Open Access

This article is distributed under the terms of the Creative Commons Attribution Noncommercial License which permits any noncommercial use, distribution, and reproduction in any medium, provided the original author(s) and source are credited.

References

  1. Adler, P. A., & Adler, P. (1995). Dynamics of inclusion and exclusion in preadolescent cliques. Social Psychology Quarterly, 58, 145–162. doi:10.2307/2787039.CrossRefGoogle Scholar
  2. Adler, P. A., & Adler, P. (1998). Peer power: preadolescent culture and identity. New Brunswick, NJ: Rutgers University Press.Google Scholar
  3. Aiken, L. S., & West, S. G. (1991). Multiple regression: testing and interpreting interactions. Thousand Oaks, CA, US: Sage.Google Scholar
  4. Baumeister, R. F., & Leary, M. R. (1995). The need to belong. Desire for interpersonal attachments as a fundamental human motivation. Psychological Bulletin, 117, 497–529. doi:10.1037/0033-2909.117.3.497.PubMedCrossRefGoogle Scholar
  5. Berndt, T. J. (1979). Developmental-changes in conformity to peers and parents. Developmental Psychology, 15, 608–616. doi:10.1037/0012-1649.15.6.608.CrossRefGoogle Scholar
  6. Berndt, T. J. (1982). The features and effects of friendship in early adolescence. Child Development, 53, 1447–1460. doi:10.2307/1130071.CrossRefGoogle Scholar
  7. Boivin, M., Dodge, K. A., & Coie, J. D. (1995). Individual–group behavioral similarity and peer status in experimental play groups of boys: the social misfit revisited. Journal of Personality and Social Psychology, 69, 269–279. doi:10.1037/0022-3514.69.2.269.PubMedCrossRefGoogle Scholar
  8. Bukowski, W. M., & Hoza, B. (1989). Popularity and friendship: issues in theory, measurement, and outcome. In T. J. Berndt, & G. W. Ladd (Eds.), Peer relations in child development, (pp. 15–45). New York: Wiley.Google Scholar
  9. Bukowski, W. M., Gauze, C., Hoza, B., & Newcomb, A. F. (1993). Differences and consistency between same-sex and other-sex peer relationships during early adolescence. Developmental Psychology, 29, 255–263. doi:10.1037/0012-1649.29.2.255.CrossRefGoogle Scholar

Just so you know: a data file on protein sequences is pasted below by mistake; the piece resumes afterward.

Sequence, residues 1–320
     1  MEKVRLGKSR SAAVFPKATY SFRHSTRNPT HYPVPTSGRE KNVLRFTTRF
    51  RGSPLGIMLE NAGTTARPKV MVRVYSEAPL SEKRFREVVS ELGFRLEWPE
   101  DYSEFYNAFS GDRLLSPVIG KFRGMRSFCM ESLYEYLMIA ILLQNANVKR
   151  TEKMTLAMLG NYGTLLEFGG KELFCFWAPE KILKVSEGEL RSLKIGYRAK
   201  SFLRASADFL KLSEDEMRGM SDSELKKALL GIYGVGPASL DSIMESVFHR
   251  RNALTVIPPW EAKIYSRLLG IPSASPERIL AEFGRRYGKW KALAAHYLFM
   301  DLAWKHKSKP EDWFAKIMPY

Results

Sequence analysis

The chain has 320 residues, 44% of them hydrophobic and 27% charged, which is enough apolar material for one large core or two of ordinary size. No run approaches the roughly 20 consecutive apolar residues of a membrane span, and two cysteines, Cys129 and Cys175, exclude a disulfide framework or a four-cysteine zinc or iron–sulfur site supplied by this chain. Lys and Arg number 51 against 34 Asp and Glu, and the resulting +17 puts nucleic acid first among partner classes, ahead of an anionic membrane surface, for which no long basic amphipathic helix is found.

10. Buhrmester, D. (1990). Intimacy of friendship, interpersonal competence, and adjustment during preadolescence and adolescence. Child Development, 61, 1101–1111. doi:10.2307/1130878.PubMedCrossRefGoogle Scholar
  11. Chang, L. (2004). The role of class norms in contextualizing the relations of children’s social behaviors to peer acceptance. Developmental Psychology, 40, 691–702. doi:10.1037/0012-1649.40.5.691.PubMedCrossRefGoogle Scholar
  12. Cialdini, R. B., & Richardson, K. D. (1980). Two indirect tactics of impression management: basking and blasting. Journal of Personality and Social Psychology, 39, 406–416. doi:10.1037/0022-3514.39.3.406.CrossRefGoogle Scholar
  13. Cillessen, A. H. N., & Borch, C. (2006). Developmental trajectories of adolescent popularity: a growth curve modelling analysis. Journal of Adolescence, 29, 935–959.PubMedGoogle Scholar
  14. Coleman, J. S. (1961). The adolescent society. The social life of the teenager and its impact on education. New York: Free Press.Google Scholar
  15. Corsaro, W. A., & Eder, D. (1990). Children’s peer cultures. Annual Review of Sociology, 16, 197–220. doi:10.1146/annurev.so.16.080190.001213.CrossRefGoogle Scholar
  16. De Bruyn, E. H., & Cillessen, A. H. N. (2006). Heterogeneity of girls’ consensual popularity: academic and interpersonal behavioral profiles. Journal of Youth and Adolescence, 35, 435–445. doi:10.1007/s10964-005-9023-4.CrossRefGoogle Scholar
  17. DeRosier, M. E., Cillessen, A. H. N., Coie, J. D., & Dodge, K. A. (1994). Group social context and children’s aggressive behavior. Child Development, 65, 1068–1079. doi:10.2307/1131305.PubMedCrossRefGoogle Scholar
  18. De Winter, A., Oldehinkel, A. J., Veenstra, R., Brunnekreef, J. A., Verhulst, F. C., & Ormel, J. (2005). Evaluation of non-response bias in mental health determinants and outcomes in a large sample of pre-adolescents. European Journal of Epidemiology, 20, 173–181. doi:10.1007/s10654-004-4948-6.PubMedCrossRefGoogle Scholar
  19. Dijkstra, J. K., Lindenberg, S., & Veenstra, R. (2007). Same-gender and cross-gender peer acceptance and peer rejection and their relation to bullying and helping among preadolescents: comparing predictions from gender-homophily and goal-framing approaches. Developmental Psychology, 43, 1377–1389. doi:10.1037/0012-1649.43.6.1377.PubMedCrossRefGoogle Scholar